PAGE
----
YAMBIO, South Sudan (Reuters) - Bakhita was only 12 years old when rebels snatched her from her family’s farm, adding her to a grim list of almost 19,000 children that the United Nations says have been recruited, often by force, by armed groups in South Sudan’s brutal civil war.
“I was thinking of my family every day. Sometimes, I cried but I couldn’t escape, the soldiers were everywhere in the bushes,” Bakhita told Reuters in a soft voice from the western town of Yambio, where she was among hundreds of children handed over to the U.N. on Wednesday.
She had been with the rebels two years, she said.
“There’s no house. We sleep in a tent. Sometimes at night, some soldiers come to my place and want to rape me by force. If I resist, they will beat me and make me cook for a week as a punishment for refusing to sleep with them,” the 14-year-old said, beginning to cry.
More than 300 children, 87 of them girls, were released by armed groups in Wednesday’s ceremony - the start of a process which the U.N. says is expected to see at least 700 children freed in the coming weeks.
But militias are recruiting children faster than humanitarians can free them.
Many, like Bakhita, are kidnapped at gunpoint. Others choose to join, lured by food and protection in a country whose economy has been wrecked by conflict and hyperinflation. Pockets of the nation plunged into famine last year.
“I didn’t kill. My commander was nice to me. I was given a gun to protect myself and people around me,” said Henry, a short 16-year-old rebel recruit with unkempt hair who wore battered open-toe sandals.
But even his hurried interview hinted at underlying trauma.
“The sound of the gun has affected my brain, I need something to help my brain recover,” he said hesitantly.
Oil-rich South Sudan became the world’s youngest nation when it won independence from Sudan in 2011. Civil war broke out two years later, eventually forcing a third of the 12-million strong population to flee their homes.
The conflict has spawned ethnic killings. Many top military chiefs are Dinka, the same ethnic group as President Salva Kiir Mayardit, and many rebels are Nuer, the ethnic group of former vice president Riek Machar. Many smaller groups have carved out territory controlled by their own militias. Gang rapes and attacks on civilians are common.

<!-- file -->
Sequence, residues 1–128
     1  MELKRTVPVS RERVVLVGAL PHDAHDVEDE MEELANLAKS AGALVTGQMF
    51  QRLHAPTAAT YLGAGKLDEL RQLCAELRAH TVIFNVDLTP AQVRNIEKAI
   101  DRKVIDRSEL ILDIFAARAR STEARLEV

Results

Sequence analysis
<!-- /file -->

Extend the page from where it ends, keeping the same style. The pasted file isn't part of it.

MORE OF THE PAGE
Mahimbo Mdoe, the representative for the United Nations Children’s Fund in South Sudan (UNICEF), said the mass release of children was the biggest in three years.
“It is vital that negotiations continue so there are many more days like this,” he said in a statement.
Most of the children were released by the South Sudan National Liberation Movement, a rebel group that signed a peace agreement with the government in 2016. Nearly 100 children were released from the ranks of the Sudan People’s Liberation Army-In Opposition (SPLA-IO), the biggest rebel group, which is led by Machar.
Some had previously escaped and been reunited with their families, but had not been able to get any support.
UNICEF plans to provide the children with civilian clothes, counselling, food assistance and vocational training as it tries to reunite them with their families. Those whose families can’t be traced will be taken to care facilities.
Among those facing an uncertain future is 17-year-old Justin, who become a bodyguard for a senior commander, after rebel forces attacked his home village in Zahra, near Yambio, in 2017. Justin said he burned his army uniforms to help erase traumatic memories.
“A lot of bad things happened when I was in the bush. If you don’t go and steal, you wouldn’t have something to eat, when the government force attacked us, we would be on the run the whole day fighting with nothing to eat,” he said. “I don’t have clothes to wear, even this shoes, I stole them from someone.”
“I am the only one left. My mother died and my father went to Bentiu but he didn’t come back. I am only hearing he was killed in the war because he’s a soldier. I don’t want to work in the army (militia) anymore.”
(This version of the story corrects the name of the President in paragraph 13)
writing by Katharine Houreld; Editing by Richard Balmforth